Proposal would snuff out smoking at Mountaineer Casino
The Health Board in Hancock County, home to Mountaineer Casino, has an opportunity to set an example for Pennsylvania and other areas that allow smoking in casinos. The board last week proposed a sweeping overhaul of the county's 1999 rules on smoking in public areas. Its Clean Air Regulation of 2014 would ban smoking in all workplaces, businesses open to the public and outdoor public places, including parks, playgrounds and sports facilities.
The proposal specifically includes “gaming facilities.” A public hearing is scheduled for July 23; the board could vote Aug. 26.
MTR Gaming President Joseph Billhimer says a total ban would have three negative effects: lower revenue because of reduced play, lower taxes from the county's No. 1 taxpayer and fewer casino jobs. He suggests banning smoking in the resort's public areas, such as restaurants, lobbies, common trackside areas and entertainment venues, but limiting nonsmoking areas to 10 percent of the casino floor and 20 percent of hotel rooms.
Mountaineer has spent $900,000 in the past two years on air-cleaning systems, he says.
“We stand ready to work with the Board of Health for a solution that helps protect the revenue, the taxes and the jobs in Hancock County,” Billhimer says.
Casinos in many jurisdictions have wrangled exemptions from smoking restrictions with claims that gambling and lighting up are too intertwined to separate. But surveys repeatedly find that casino customers are pretty much like the rest of America in income, education and other key demographic statistics. That appears to be the case with smoking, as well.
In 2006, University of Nevada researchers observed 17,723 gamblers in Las Vegas, Reno and Lake Tahoe. The percentage of smokers they saw — 21.5, 22.6 and 17, respectively — was remarkably similar to the national smoking rate of 20.9 percent at the time. By 2012, the smoking rate among adults dropped to 18.1 percent, according to the Centers for Disease Control and Prevention.
Even casinos acknowledge that many gamblers prefer to play smoke-free. Most poker rooms have banned smoking for years, at players' request. Many states with new or proposed casinos — including Ohio, Maryland, Illinois, Massachusetts and New York — ban smoking in public buildings, but that doesn't stop casino companies from spending millions there.
Kanawha County, W. Va., instituted a smoking ban that includes Mardi Gras Casino. Billhimer says it has seen a decline in play, but advocates of a ban argue that there's no proof that the ban caused the drop. West Virginia has been losing customers to newer casinos in Pennsylvania and Ohio.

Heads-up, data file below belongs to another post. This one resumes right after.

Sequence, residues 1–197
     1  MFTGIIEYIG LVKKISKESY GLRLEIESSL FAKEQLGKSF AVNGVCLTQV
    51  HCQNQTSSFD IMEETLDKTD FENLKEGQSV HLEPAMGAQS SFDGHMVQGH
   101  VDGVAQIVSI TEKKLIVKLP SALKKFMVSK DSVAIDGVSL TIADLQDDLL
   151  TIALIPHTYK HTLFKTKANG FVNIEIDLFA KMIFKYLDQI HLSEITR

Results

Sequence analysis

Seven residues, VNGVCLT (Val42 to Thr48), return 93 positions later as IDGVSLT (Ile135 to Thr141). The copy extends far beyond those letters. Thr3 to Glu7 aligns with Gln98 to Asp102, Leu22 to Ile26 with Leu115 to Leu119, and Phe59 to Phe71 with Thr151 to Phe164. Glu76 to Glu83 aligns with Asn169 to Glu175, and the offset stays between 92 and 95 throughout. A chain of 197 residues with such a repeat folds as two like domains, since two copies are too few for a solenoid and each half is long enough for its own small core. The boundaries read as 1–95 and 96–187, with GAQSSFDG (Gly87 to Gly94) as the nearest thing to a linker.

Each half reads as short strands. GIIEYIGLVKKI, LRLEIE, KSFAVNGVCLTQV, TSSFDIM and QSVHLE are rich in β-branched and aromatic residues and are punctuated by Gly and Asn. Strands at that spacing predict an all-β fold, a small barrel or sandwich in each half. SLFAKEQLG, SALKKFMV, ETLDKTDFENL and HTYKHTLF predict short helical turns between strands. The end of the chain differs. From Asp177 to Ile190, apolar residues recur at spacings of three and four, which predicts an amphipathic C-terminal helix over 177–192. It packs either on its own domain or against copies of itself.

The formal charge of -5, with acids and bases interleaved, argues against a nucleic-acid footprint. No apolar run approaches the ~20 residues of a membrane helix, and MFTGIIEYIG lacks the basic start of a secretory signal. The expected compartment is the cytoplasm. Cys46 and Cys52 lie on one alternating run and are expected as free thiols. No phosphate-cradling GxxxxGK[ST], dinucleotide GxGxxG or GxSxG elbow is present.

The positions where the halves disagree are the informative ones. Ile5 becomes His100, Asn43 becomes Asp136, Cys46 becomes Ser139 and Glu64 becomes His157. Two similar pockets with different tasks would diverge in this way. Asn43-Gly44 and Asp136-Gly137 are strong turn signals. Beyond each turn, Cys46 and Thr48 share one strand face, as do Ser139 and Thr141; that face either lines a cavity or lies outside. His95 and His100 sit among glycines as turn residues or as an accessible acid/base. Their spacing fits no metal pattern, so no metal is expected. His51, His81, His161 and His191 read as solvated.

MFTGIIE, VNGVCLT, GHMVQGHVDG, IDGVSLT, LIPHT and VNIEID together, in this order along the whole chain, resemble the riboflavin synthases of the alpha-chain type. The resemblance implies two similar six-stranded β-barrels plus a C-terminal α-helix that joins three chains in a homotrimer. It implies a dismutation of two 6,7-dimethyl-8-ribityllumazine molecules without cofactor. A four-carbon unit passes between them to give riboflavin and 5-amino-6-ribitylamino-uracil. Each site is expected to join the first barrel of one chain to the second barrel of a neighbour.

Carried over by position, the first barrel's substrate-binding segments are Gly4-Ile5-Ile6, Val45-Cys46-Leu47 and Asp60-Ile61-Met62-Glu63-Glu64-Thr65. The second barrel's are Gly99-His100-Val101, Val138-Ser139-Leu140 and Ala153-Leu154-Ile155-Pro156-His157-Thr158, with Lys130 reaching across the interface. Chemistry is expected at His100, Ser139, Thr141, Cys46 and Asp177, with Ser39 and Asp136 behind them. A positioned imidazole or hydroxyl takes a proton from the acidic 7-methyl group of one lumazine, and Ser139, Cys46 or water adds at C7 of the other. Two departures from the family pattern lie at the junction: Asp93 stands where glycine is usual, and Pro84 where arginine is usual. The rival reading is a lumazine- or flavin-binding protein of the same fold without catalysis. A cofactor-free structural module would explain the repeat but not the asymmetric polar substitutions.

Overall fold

Hancock County Health Department administrator Jackie Huff says that if the board approves the ban, Hancock would be the 28th of West Virginia's 55 counties to mandate clean indoor air.
Linda Holmstrand, the American Lung Association's tobacco-prevention coordinator for the region including Hancock County, sees the proposal as “comprehensive” legislation that protects workers and customers in many establishments, including casinos.
“Most people don't smoke,” she says. “Maybe their business will improve. We know anecdotally from people in Hancock County and surrounding areas that they wish there were places that didn't have smoking so they can frequent them.”
Deb Brown, president and CEO of the American Lung Association of the Mid-Atlantic, says more than 500 casinos across the country are smoke free, but Pennsylvania lawmakers have yet to act on a proposal to extend the state's smoking ban to casinos.
“It's not like this is groundbreaking legislation,” she says. “Many casino operators in Pennsylvania operate casinos in smoke-free states.”
The Hancock County proposal says: “Where the need to breathe smoke-free air conflicts with the desire to smoke, the need to breathe smoke-free air shall have priority.”
Those are words to live by.
Mark Gruetze is administrative editor for Trib Total Media. He can be reached at 412-320-7838 or firstname.lastname@example.org.
How to comment
The Health Department of Hancock County, W. Va., is accepting written comments on a proposal to ban smoking in all workplaces and businesses, including Mountaineer Casino, and in public outdoor areas. Email comments to email@example.com or mail to Hancock County Health Department, PO Box 578, New Cumberland, WV 26047. The proposal is available at www.HancockCountyHealthDepartment.com